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Stream Furnace and Forge, Chiddingly, TQ 555 155

From Crossley & Cleere
Physical description of site:
Bay L 155m H 1.6m/3m Carries bridle road. A ramp leads down towards working area.
Water system: Pond reduced to swamp. Modern spillway at W end. Position of forge and furnace wheelpit and tail-race probably obscured by those of later corn mill at E end.
Working area: Probably in present mill house garden, where much charcoal occurs, and where was found the cannon boring bar now in Anne of Cleves Museum, Lewes (Butler and Tebbutt 1975: 38-41) (image). Recent excavations of crashed German aircraft in field immediately S of bay revealed much glassy slag and fragments of cannon mould. 100m down the mill tail-race the bank is revetted with forge bottoms.

Documentary references:
This site began as a forge, the hammer at Chiddingly being included in the complaint of the coastal towns in 1548. John French had a hammer, c.1560, within three miles (5km) of woods in Framfield (ESRO Searle 13/1), and in 1574. The building of a furnace is suggested by the lease by Stephen French, 'forgemaster' in 1597 of the 'Lower furnace, called the New Furnace' for 21 years to Edward Montagu (BL Add. Ch. 30132). In 1648 the pond was still called the 'Forge Pond' (ESRO SAS RF5/26), yet a forge and a furnace are mentioned in 1653 and 1667. Guns were cast at 'Stream Furnace' in 1692-3 (ESRO SAS RF15/26). The furnace is marked on Budgen's map of 1724 (see below) but had not been listed in 1717.

Further documentary evidence:
John Fuller (1617-1679) inherited as co-lessee in 1650 on the death of his father in law Rev John Nutt of Mays in Selmeston. (SAC Vol 104 p64).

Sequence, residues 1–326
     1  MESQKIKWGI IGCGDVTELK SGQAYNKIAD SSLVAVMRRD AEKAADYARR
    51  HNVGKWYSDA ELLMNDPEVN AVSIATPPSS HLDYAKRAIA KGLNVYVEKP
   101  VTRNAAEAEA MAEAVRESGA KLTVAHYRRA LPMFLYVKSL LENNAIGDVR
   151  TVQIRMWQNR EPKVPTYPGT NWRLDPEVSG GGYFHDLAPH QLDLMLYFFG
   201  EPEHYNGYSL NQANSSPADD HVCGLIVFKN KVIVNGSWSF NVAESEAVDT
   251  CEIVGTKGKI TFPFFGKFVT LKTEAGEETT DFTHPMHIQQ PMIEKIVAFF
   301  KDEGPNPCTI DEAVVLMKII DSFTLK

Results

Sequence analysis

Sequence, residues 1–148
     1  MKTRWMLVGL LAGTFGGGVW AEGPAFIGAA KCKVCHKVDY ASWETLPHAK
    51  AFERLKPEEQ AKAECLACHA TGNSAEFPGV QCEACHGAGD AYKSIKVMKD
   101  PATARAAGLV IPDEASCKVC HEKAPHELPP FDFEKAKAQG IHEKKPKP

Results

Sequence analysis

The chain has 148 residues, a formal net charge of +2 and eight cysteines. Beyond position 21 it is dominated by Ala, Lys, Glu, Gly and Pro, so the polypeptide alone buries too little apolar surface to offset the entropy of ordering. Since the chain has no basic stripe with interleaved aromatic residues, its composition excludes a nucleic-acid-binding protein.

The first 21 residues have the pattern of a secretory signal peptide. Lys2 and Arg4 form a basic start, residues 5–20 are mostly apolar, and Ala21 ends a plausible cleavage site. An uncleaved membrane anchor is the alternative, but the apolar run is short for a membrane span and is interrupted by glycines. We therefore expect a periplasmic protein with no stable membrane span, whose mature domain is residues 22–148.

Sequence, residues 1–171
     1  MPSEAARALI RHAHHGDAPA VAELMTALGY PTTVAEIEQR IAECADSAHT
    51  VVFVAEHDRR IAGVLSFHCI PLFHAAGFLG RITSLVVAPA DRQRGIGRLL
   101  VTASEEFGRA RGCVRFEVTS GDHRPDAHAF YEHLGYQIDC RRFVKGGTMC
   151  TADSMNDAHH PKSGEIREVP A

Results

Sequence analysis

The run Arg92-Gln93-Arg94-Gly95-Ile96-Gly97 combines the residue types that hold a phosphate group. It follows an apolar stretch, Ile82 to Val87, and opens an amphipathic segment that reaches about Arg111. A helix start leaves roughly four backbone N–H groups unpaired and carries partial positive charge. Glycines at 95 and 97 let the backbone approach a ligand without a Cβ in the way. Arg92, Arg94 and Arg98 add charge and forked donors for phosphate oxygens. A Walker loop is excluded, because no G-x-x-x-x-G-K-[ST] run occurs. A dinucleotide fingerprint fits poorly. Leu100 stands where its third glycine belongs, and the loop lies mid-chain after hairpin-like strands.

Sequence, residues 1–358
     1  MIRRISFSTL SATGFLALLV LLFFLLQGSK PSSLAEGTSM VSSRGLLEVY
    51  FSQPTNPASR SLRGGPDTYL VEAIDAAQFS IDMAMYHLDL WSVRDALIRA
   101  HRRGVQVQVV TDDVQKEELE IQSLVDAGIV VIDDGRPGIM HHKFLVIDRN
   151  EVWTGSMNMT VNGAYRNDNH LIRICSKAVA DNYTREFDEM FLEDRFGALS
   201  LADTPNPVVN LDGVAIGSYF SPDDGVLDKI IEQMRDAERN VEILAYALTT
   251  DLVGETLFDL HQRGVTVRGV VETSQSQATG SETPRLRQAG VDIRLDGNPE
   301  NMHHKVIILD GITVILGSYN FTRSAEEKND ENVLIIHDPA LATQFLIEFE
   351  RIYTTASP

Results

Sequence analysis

John Fuller (1652-1722) worked the furnace until at least 1693 when he built a furnace at Heathfield. (WIRG Bulletin First Series Vol 16 1979 p18).

Budgen's from Budgen's map of Sussex, 1724


The 1873 OS map (6") shows the pond which powered the corn mill.


Remains of corn milling site:
Upstream from Weir with bridle path over.
Weir from Downstream Downstream from Weir.

Information from recent visit:
The far end of the forge/furnace pond is now a wood newly planted by the Woodland Trust. The present owner of the Stream Mill has photos of the pond full of water after last year's rainy season.
The pool below the weir contains much metallic debris, including some plate-like iron material thought to be an accretion of Swarf thrown into the stream from the boring of the guns.
The gardens of the two properties on the forge/furnace site are littered with samples of glassy slag, both green and grey. Stream Mill itself has a number of furnace bottoms.
The area just above the bay, ie the site of the furnace pond (mill pond on map above) is rough scrubby grass

Recent Finds:
Part of a bear
Brick+Clay attached to Furnace Slag Brick and clay attached to Furnace Slag